Book

Math

Discovery

Andrius Kulikauskas

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Imagining Everything

I wish to know everything and apply that knowledge usefully. We may say, I wish to take up God's vantage point, as if to sit on his lap, and be able to crawl forth in any direction and return to where I started.

If I am ever to achieve such knowledge, then I expect that it must be where everybody could find it, yet nobody is looking, namely, the wisdom of human life. If God is kind, then I may find it by studying the limits of my imagination. I take metaphysics to be the conclusions we can draw from such study. I present some methods and results.

Is it possible to know anything absolutely? I start with the concept of everything. I note four properties:

  • A) Everything has no external context (if it is put in a box, then it includes the box)
  • B) Everything is the simplest algorithm, which accepts all things, that is, has no filter (and so your everything and my everything are the same)
  • C) Everything has no internal structure (it may be orderly or chaotic, and thus all statements are true about it, as there is no structure to latch onto)
  • D) Everything is a required concept (we could not have learned it and so we must have always had it)

The people who I interact with all have this concept. Even a skeptic takes their stand with regard to everything. Perhaps there are those who do not have this concept, but it is up to the skeptic to seek them out. It is absolute pragmatically.

We may divide everything into perspectives. This happens naturally in certain arguments, for example, where we take sides between "free will" and "fate". I note divisions of everything which recur throughout the history of thought:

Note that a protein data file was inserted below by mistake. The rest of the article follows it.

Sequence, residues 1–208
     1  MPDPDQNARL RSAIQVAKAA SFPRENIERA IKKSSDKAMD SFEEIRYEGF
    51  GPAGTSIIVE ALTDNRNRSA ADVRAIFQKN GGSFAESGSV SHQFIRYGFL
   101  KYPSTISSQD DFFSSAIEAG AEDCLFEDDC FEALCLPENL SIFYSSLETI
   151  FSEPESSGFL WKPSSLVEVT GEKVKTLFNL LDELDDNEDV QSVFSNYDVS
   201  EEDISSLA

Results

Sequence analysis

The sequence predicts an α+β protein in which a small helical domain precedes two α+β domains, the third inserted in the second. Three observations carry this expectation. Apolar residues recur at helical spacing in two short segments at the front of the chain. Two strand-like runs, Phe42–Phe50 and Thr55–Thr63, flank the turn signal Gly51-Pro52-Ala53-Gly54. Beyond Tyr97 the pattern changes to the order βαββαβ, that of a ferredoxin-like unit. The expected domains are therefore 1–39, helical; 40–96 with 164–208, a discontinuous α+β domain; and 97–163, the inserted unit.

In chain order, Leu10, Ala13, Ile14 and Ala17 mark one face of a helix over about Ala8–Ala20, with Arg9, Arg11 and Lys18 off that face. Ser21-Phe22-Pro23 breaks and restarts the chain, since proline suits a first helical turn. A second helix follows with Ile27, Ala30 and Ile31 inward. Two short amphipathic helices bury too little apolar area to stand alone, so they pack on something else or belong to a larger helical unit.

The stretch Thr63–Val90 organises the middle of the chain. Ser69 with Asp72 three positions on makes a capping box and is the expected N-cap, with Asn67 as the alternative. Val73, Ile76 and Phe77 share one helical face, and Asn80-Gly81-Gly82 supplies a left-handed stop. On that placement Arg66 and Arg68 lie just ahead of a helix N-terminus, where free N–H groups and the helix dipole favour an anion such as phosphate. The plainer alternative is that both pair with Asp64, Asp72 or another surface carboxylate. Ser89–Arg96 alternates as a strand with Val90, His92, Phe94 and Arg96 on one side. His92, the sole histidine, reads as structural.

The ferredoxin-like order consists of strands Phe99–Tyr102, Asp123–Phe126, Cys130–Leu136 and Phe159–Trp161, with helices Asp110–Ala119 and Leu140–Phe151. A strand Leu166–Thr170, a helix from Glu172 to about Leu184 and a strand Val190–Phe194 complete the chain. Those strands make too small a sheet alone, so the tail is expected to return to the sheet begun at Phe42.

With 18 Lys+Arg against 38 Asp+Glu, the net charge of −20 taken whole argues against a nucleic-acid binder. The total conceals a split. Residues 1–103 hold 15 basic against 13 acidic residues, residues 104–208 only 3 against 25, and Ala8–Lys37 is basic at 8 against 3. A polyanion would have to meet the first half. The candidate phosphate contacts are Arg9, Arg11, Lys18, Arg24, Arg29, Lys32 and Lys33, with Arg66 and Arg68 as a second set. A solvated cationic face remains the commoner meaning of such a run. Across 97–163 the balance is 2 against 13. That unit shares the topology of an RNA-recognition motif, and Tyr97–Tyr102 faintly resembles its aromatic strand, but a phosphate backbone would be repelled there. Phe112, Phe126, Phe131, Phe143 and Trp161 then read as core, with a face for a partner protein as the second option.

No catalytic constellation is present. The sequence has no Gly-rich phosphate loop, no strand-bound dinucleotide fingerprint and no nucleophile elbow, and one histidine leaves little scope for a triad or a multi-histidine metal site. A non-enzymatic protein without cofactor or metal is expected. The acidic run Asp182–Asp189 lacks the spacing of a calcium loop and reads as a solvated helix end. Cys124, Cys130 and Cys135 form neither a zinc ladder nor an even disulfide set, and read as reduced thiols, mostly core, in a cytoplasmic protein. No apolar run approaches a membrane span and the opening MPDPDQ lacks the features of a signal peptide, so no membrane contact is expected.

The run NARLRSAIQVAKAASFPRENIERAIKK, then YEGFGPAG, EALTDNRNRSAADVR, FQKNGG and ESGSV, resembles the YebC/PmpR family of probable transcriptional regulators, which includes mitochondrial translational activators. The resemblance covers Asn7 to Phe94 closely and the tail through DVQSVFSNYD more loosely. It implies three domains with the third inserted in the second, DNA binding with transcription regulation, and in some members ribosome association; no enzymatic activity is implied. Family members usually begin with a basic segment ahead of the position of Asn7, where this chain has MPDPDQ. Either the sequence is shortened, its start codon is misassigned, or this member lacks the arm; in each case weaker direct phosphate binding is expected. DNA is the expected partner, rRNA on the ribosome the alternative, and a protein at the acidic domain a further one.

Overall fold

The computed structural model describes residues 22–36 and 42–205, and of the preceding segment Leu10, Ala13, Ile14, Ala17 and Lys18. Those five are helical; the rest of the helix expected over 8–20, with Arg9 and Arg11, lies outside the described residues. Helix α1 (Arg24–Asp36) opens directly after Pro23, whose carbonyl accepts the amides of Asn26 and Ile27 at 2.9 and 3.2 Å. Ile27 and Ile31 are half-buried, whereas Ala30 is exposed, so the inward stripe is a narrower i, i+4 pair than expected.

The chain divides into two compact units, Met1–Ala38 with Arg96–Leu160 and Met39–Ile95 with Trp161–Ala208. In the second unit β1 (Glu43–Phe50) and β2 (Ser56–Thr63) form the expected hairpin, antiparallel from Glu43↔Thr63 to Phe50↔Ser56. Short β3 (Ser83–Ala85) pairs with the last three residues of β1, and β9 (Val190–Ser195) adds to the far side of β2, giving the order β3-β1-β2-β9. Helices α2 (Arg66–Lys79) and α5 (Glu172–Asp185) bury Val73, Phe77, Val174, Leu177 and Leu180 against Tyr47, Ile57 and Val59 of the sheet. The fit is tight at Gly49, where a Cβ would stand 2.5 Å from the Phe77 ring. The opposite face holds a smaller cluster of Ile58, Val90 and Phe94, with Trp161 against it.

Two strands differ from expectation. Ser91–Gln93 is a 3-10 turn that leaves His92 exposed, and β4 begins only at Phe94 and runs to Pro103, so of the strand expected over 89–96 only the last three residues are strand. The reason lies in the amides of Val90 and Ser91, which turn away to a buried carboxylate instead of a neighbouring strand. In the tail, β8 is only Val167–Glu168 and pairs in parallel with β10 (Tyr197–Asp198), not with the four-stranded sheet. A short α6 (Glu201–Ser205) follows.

• a twosome for issues of being: one perspective where "opposites coexist" (as when we ask, Does this chair exist or not?) and another perspective where "all things are the same" (as when we answer, If it exists, then it exists, and if not, then not.)
  • a threesome for participation: taking a stand, following through, and reflecting (as with the scientific method)
  • a foursome for knowledge: whether (a cup is in a cupboard if nobody looks for it there), what (the cup looks and feels like), how (the cup is created and used), why (the cup is essential to absolutely everything else).

We conceive these divisions through representations. Idealists ask Why? How? What? and dismiss Whether? Materialists answer Whether! What! How! and dismiss Why!

If we negate Whether, What, How, Why, we get true, direct, constant, significant, which are the representations of the nullsome - God. The four properties of everything are the representations of the onesome. The representations of the twosome are: same-different, theory-practice, outside-inside, free will-fate. The representations of the threesome are a variant of Kant's twelve categories: necessary-actual-possible, object-process-subject, one-all-many, being-doing-thinking.

I will present a variety of methods for working together to establish such results.

20150131ImaginingEverything


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Puslapis paskutinį kartą pakeistas 2017 balandžio 01 d., 11:09
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